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UI Among Biggest Spenders on Sports in Big Ten

The economics of college athletics are much like that of the larger world, says University of Iowa lecturer Stacey Brook. There are those with deep pockets, and those without.

"There are definite haves and have nots," says Brook, who researches sports economics and teaches in UI's Tippie College of Business.

For the nearly 70,000 fans who will funnel into Kinnick Stadium today for the Hawkeyes' home finale against the University of Michigan, there will be little doubt in which class UI's status lies.

A new $9 million scoreboard and video system, which UI unveiled at the start of the season, now bookends Kinnick, while just west of the stadium, construction continues on the second phase of a $55-million football operations and indoor practice complex.

Those pricey projects have contributed to the nearly $129 million in buildings and grounds expenditures for UI athletics—a self-sustaining department—since 2005, according to NCAA finance data compiled annually by USA Today.

In the Big Ten, which includes several of the nation's athletics departments with the deepest pockets, such major facilities projects are nothing out of the ordinary. Of the 10 Big Ten schools that have made their athletics finance reports public since 2005, when USA Today first began collecting the data, UI has spent the third most on its athletics facilities, trailing only Ohio State University ($207.4 million) and the University of Wisconsin ($150.3 million).

And in fiscal year 2012, when UI cut the ribbon on an indoor football practice field and completed its renovation of Carver-Hawkeye Arena, it spent a total $33.5 million on athletics facilities—more than any other school in the Big Ten. That was well ahead of the University of Michigan, which was the second-highest facilities spender at $23.3 million that year.

What Brook finds interesting, however, is how the big dollars being spent by the major conferences on facilities stack up against that of the smaller conferences, which illustrates that steep divide between those "have and have nots."

Using 2011 totals, Brook found that schools in the Big Ten spent an average of $18.4 million on athletics facilities that year, the most of any conference. The SEC was close behind with a $17.5 million average, followed by the Big 12 at $12.8 million and ACC at $11.9 million.

The majority of schools from the other 26 conferences represented in the data, however—the Atlantic Sun and Colonial conferences, for example—largely averaged well below $1 million spent annually on facilities.

In 2011, the Ohio Valley Conference schools, which participate in Division I of the NCAA and the FCS for football, averaged $182,000 in facilities spending, or about 1 percent what Big Ten schools spent.

"It's primarily those larger conferences spending lots and lots of money, while some schools have spent zero," Brook says.

Jane Meyer, senior associate director of athletics at UI, said the Football Operations Center will be among the top facilities of its kind once complete, and will help Iowa compete for the nation's top student-athlete recruits.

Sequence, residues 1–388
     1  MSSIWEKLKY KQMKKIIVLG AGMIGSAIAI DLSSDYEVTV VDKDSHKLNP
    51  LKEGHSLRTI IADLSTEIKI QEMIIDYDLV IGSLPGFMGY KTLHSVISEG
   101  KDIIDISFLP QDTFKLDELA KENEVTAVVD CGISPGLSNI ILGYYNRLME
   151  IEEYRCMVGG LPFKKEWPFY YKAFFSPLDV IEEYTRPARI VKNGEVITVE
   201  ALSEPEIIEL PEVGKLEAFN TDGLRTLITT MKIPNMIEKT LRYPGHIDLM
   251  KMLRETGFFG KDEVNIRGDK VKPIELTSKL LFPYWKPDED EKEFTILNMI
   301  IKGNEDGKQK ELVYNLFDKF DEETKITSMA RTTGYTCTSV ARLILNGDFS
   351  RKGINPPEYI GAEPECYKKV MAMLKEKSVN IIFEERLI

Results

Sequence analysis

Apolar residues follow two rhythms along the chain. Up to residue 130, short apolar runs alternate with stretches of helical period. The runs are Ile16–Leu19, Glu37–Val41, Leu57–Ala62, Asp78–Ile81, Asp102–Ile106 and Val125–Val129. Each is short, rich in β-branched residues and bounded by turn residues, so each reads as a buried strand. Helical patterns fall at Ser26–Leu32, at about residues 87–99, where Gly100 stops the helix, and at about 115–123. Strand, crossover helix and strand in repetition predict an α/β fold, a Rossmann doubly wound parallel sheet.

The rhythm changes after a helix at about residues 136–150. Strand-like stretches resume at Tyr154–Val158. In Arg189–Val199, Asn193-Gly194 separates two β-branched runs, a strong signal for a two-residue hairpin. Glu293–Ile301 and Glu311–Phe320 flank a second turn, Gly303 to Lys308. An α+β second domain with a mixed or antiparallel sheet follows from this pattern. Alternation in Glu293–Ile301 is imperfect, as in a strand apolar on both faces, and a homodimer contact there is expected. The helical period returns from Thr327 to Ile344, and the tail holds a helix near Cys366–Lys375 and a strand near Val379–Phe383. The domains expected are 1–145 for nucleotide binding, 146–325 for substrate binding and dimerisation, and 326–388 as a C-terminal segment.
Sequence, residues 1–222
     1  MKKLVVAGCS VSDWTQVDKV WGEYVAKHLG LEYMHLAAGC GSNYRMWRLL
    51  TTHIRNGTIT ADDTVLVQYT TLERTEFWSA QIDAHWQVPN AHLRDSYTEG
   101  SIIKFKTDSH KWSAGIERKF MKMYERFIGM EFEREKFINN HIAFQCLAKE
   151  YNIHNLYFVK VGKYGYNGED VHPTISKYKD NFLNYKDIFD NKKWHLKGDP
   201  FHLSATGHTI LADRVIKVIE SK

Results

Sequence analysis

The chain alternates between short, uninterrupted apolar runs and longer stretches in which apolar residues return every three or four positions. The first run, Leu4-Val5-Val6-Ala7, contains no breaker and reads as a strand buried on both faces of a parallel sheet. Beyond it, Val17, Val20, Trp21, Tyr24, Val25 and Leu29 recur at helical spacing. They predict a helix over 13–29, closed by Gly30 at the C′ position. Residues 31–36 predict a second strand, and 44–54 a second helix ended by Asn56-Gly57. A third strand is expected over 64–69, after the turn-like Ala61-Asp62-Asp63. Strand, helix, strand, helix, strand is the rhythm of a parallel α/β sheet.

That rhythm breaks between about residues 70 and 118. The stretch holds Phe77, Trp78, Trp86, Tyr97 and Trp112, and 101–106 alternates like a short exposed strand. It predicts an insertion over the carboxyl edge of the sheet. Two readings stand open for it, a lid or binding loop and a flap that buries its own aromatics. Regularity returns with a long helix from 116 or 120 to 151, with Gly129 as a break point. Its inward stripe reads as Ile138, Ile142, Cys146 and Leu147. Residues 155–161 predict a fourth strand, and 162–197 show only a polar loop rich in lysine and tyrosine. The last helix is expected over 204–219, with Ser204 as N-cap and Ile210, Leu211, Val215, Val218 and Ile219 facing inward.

"The facility we've designed and are building and our donors have allowed us to construct should put us on par to make sure we are going to provide the best opportunities for recruits to come look at our campus, to be able to sell the University of Iowa that this is a premiere institution, and we'll have quality facilities to assist them to meet their goals both academically and athletically," Meyer said.

The first phase of the football complex project—the 102,000-square foot indoor practice facility—was completed prior to last season. The second phase, which alone carries $36.6 million price tag, is anticipated to be finished by the start of the 2014 season.

The two-level, 76,000-square-foot Football Operations Center will house a strength training area, locker rooms, coaches offices, an equipment room, and showcase area for Iowa football history.

The facility is being funded with athletics department revenues and private donations, Meyer said. The department is currently in the midst of a $35 million fundraising campaign for the project.

Rick Klatt, UI's associate athletics director for external relations, said coaches and athletics department representatives toured facilities around the country during the planning process.

"There were several visits made to a wide range of different facilities to take the very best from each to incorporate into our own," Klatt said. "There were visits made to peer institutions within the Big Ten and other institutions outside of the Big Ten."'

Meanwhile, Klatt said the other major athletics project for this year—the overhaul of the scoreboard system inside Kinnick—has helped UI enhance the gameday experience. Klatt said the videoboard has proven to be a steep learning curve for its operators, but as each game passes, UI is making greater use of the massive video screen above the south end zone with full-screen videos and live "look-ins" at other games.

"We're continuing to identify opportunities to go full screen with video, and I think our fans are going to see more of that," Klatt said. "Every game we've done more than the previous game."

UI is also currently working with a consultant on its public address system to make adjustments and enhance the stadium's sound for the 2014 season.

"There are pieces of our gameday experience we'll be working on during the spring and summer to improve and/or change," Klatt said. "That, frankly, is a constant evolution as we see other schools doing things, or our fans ask for some other enhancements, we respond to those requests.

"There's always room for improvement."


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